The Canadian Coast Guard (CCG)’s newest medium icebreaker, CCGS Captain Molly Kool, has joined the fleet on Dec. 14, the service announced.
The name of the new vessel was announced earlier in the day. The namesake of the icebreaker, Captain Myrtle ‘Molly’ Kool, was the first woman in North America to become a master mariner. Myrtle Kool, known by everyone as Molly, was born in 1916 in Alma, New Brunswick. In 1937, she was the first woman in North America to become a licensed ship captain, and in 1939, was awarded her coastal master’s certificate.
In August this year, the Public Services and Procurement Canada (PSPC) has awarded a $610-million contract to Chantier Davie for the acquisition of three icebreakers for the Canadian Coast Guard following an Advance Contract Award Notice that was issued on June 22.
The contract was for the acquisition of three existing Anchor Handling Tug Supply (AHTS) vessels with icebreaking capabilities, converted to Coast Guard specifications. The conversion was conducted to ensure that the vessels complied with Canadian regulatory and Coast Guard operational standards before entering the fleet.
The three candidate ships selected for the conversion were Tor Viking, Balder Viking and Vidar Viking operated by Norwegian supply shipping company, Viking Supply Ships AB.
Chantier Davie refloated the first icebreaker, ex-Vidar Viking, out of its Champlain Drydock on Nov. 13, and this vessel is now been given the formal name of CCGS Captain Molly Kool. This was the first floating of a Coast Guard icebreaker in twenty-five years.
CCGS Captain Molly Kool measures 93.7 metres in length, and has a beam of 18 metres. It is classified as a medium icebreaker, and can maintain a speed of 3 knots through ice up to 1 metre thick.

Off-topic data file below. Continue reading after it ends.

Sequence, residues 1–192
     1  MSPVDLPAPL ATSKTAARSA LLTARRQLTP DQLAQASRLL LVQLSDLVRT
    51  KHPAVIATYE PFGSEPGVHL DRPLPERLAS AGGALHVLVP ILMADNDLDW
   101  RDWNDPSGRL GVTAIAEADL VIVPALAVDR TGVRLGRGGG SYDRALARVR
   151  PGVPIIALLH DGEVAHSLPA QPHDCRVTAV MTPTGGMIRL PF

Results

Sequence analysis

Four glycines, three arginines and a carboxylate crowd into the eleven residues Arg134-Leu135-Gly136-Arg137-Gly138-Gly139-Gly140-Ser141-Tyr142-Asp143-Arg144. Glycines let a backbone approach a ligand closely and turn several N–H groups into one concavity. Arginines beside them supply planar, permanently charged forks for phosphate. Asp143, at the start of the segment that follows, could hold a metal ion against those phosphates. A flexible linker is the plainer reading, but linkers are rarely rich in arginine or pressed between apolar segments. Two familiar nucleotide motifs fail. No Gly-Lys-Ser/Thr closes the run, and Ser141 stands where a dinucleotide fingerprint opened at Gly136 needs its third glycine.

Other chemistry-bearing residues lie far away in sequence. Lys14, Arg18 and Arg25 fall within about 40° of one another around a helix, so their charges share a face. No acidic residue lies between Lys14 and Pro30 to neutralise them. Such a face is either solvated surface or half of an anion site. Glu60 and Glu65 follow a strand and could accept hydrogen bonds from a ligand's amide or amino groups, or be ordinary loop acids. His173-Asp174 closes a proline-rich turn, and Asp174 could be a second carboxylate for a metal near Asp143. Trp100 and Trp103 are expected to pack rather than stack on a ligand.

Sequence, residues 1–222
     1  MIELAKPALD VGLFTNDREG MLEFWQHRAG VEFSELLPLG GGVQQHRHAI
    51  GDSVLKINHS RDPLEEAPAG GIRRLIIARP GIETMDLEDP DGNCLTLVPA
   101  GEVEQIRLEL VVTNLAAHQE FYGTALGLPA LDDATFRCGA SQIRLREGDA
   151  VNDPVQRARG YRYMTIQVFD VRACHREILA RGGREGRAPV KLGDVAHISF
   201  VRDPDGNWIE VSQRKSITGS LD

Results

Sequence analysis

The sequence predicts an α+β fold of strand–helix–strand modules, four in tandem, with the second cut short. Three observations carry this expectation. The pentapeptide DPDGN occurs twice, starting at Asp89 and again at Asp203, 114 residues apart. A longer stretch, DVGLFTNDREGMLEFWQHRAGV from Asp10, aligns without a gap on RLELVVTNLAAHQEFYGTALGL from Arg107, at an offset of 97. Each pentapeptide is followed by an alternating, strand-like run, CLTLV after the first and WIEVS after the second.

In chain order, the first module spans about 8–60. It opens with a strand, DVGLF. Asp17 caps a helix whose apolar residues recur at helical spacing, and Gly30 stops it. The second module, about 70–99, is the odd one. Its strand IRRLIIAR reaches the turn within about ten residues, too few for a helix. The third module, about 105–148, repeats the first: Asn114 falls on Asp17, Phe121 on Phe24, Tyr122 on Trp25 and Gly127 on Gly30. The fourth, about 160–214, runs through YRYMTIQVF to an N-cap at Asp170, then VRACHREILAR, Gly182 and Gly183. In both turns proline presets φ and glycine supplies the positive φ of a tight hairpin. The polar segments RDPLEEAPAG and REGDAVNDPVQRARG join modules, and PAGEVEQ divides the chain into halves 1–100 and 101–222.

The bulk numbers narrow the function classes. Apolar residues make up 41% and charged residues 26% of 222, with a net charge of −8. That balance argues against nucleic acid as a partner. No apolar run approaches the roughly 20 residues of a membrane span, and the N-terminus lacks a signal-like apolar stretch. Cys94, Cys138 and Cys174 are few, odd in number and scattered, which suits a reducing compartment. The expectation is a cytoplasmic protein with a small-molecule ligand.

The vessel has a total of 18,278 horsepower, and is equipped with twin propellers and twin rudders behind, providing the vessel with a high degree of manoeuvrability. It has a cruising speed of 12 knots and a maximum speed of 16 knots.
CGS Captain Molly Kool can operate continuously without refueling for approximately 25 days, and has a crew of 19. Her home port will be in St. John’s, Newfoundland and Labrador.
The new icebreaker is part of the national Coast Guard fleet which carries out icebreaking duties in Atlantic Canada, the St. Lawrence and the Great Lakes, and Arctic regions. In addition to icebreaking, the ship will support other Coast Guard programs, such as Search and Rescue and Environmental Response.
The icebreaker will allow the Coast Guard to provide essential services during the upcoming winter season, while the other two undergo refit projects. The second and third vessels will further complement the fleet upon their acceptance in fall 2019 and summer 2020, respectively.
Icebreakers are crucial to Coast Guard services, the safety of mariners, protection of coastal waters, and efficient transport of people and goods through Canada’s waterways.